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The Paul Berg Papers

Letter from Michael G. P. Stoker to Paul Berg pdf (165,610 Bytes) transcript of pdf
Letter from Michael G. P. Stoker to Paul Berg
Number of Image Pages:
3 (165,610 Bytes)
1972-07-03 (July 3, 1972)
Stoker, Michael G. P.
Imperial Cancer Research Fund Laboratories
Berg, Paul
Original Repository: Stanford University Libraries. Department of Special Collections and University Archives. Paul Berg Papers
Reproduced with permission of Michael G. P. Stoker.
Medical Subject Headings (MeSH):
Exhibit Category:
Protein Synthesis, Tumor Viruses, and Recombinant DNA, 1959-1975
Metadata Record Letter from Paul Berg to Michael G. P. Stoker (June 19, 1972) pdf (334,889 Bytes) transcript of pdf
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Letters (correspondence)
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3 July 1972
Dear Paul,
Many thanks for your long and fascinating letter. The R 1 restriction enzyme is certainly providing a beautiful experimental system for analyzing SV40. I have passed your letter around the lab to most of those who are concerned with this problem.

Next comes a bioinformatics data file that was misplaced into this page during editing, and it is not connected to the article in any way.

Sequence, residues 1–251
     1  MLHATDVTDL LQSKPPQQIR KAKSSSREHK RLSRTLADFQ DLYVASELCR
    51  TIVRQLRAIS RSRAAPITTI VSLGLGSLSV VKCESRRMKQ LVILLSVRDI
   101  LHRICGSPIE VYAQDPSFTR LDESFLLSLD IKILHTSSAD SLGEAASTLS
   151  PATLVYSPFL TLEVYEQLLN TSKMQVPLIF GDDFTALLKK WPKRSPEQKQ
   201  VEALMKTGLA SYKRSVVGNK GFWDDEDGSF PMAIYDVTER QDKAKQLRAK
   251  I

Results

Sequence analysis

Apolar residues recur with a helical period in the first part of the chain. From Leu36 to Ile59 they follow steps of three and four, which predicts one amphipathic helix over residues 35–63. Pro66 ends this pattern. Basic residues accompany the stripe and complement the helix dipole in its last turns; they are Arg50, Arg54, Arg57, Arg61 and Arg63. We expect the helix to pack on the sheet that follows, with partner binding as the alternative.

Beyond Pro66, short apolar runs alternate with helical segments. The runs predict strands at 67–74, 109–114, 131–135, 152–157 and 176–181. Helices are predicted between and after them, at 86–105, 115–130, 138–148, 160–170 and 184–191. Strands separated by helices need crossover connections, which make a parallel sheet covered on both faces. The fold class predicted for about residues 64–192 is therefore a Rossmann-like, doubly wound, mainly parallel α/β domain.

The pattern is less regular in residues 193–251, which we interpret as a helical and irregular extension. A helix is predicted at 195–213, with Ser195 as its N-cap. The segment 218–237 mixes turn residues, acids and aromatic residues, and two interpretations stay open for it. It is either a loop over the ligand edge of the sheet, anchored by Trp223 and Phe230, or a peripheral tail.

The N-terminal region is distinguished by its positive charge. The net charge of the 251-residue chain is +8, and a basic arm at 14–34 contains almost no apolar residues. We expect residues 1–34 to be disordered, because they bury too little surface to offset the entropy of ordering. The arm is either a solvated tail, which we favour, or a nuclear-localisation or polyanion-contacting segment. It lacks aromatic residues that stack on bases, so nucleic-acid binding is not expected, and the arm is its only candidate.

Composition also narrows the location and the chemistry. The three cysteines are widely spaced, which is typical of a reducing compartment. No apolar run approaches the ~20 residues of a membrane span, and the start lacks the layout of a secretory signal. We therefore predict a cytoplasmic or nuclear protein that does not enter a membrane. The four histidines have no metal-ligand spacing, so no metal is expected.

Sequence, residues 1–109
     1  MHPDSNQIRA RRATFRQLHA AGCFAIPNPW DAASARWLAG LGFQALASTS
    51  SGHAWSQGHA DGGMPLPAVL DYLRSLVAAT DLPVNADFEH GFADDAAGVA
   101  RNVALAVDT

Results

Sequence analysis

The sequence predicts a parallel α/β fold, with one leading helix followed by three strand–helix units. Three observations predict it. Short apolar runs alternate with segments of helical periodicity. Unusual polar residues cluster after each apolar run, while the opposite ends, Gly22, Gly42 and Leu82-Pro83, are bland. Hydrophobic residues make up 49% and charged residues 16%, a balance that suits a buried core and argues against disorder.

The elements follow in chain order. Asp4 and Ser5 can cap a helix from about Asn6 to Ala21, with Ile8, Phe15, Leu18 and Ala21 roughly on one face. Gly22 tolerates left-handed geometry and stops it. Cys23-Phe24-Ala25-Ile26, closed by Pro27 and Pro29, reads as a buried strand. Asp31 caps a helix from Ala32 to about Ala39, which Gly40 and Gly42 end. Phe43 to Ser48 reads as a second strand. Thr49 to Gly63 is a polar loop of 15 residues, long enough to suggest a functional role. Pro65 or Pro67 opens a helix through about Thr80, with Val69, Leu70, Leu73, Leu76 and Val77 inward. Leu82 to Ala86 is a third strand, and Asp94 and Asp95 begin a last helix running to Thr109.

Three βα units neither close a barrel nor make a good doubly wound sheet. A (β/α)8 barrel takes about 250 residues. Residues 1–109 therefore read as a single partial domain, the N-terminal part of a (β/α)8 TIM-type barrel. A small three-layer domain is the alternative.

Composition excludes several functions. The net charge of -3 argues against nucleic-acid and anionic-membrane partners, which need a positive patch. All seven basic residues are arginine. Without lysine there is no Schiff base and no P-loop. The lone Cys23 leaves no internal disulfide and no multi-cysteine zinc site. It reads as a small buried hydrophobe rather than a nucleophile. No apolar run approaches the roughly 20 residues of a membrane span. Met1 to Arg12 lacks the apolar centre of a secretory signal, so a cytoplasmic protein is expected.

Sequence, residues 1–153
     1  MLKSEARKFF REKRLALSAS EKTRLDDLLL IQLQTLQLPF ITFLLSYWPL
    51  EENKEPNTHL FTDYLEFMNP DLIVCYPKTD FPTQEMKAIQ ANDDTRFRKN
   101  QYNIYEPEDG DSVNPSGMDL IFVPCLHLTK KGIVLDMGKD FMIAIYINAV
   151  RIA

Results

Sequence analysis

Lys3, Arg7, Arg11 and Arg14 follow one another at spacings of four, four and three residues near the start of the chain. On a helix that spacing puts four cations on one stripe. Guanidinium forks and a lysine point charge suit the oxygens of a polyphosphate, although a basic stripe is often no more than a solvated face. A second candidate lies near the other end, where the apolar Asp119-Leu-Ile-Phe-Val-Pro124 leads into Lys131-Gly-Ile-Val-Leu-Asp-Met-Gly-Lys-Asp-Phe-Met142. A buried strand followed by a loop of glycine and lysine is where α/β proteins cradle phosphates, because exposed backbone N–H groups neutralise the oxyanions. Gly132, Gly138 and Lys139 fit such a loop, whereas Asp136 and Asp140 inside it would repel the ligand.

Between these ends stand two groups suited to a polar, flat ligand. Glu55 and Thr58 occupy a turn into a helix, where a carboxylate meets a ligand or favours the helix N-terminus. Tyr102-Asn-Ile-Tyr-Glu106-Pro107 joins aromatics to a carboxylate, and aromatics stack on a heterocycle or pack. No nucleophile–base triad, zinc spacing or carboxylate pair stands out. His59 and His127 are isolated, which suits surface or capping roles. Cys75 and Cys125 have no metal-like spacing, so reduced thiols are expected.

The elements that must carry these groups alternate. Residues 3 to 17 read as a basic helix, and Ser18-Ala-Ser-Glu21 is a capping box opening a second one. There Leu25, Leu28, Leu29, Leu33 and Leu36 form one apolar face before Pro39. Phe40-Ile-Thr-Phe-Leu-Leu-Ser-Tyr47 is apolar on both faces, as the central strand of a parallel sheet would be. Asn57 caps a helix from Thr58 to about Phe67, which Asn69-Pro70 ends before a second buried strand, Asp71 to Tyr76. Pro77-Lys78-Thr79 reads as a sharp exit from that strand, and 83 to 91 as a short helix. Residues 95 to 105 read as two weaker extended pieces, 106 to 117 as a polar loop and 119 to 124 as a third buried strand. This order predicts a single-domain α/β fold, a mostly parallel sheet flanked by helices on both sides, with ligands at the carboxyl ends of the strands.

The growth factor work goes along slowly, though I am not myself doing this now. Probably the nicest thing is a "movement factor" which Bob Burk finds is produced by transformed but not normal fibroblasts. It is now fairly clean and concentrated and he has separated it from the overgrowth factors which are produced indiscriminately by normal and transformed cells. Personally, I have got side-tracted on a funny effect of cytochalasin B which Vitorio Defendi and I have run into. We think that it inhibits DNA synthesis separately from its known effect on cytokinesis. After removal of the drug we get in effect two rounds of chromosome replication for one cell division. It probably tells us something about controls operating during the cycle, and of course it is a way of getting tetraploid cells. Comparing (pseudo)diploid BHK and tetraploid BHK recentlymade this way the stable transformation frequencies by polyoma are identical.
Now about the stable and abortive clones: It seems clear that the five abortives that you tested are all negative from the Cot 1/2. Unfortunately, none of these clones are recoverable from our refrigerated stocks here. We would like very much to know if they have T antigen and growth in agar etc. Presumably Marianne will have some idea of their morphology. Do they still all look normal in this respect? I hope Marianne will be calling in here when she is in Europe and we can ask her about this.
As you know, we have more data on the four additional abortive clones that we sent you recently (MA 1, MA 3, MA 9 and SA 2). In addition the plating efficiencies in agar which are as follows: ST 1 - 24%, ST 6 - 24%, MA 1 - 11%, MA 3 - 14%, MA 9 - 24%, SA 2 - nil. I wish the MA series had been tested at an earlier stage after they were first isolated.
ST 1 remains particularly interesting. Is it possible to find out with more confidence whether there is a deleted genome present? It could either be an odd spontaneous transformant independent of virus infection, or alternatively it has a half genome including the transforming gene but not the T antigen gene.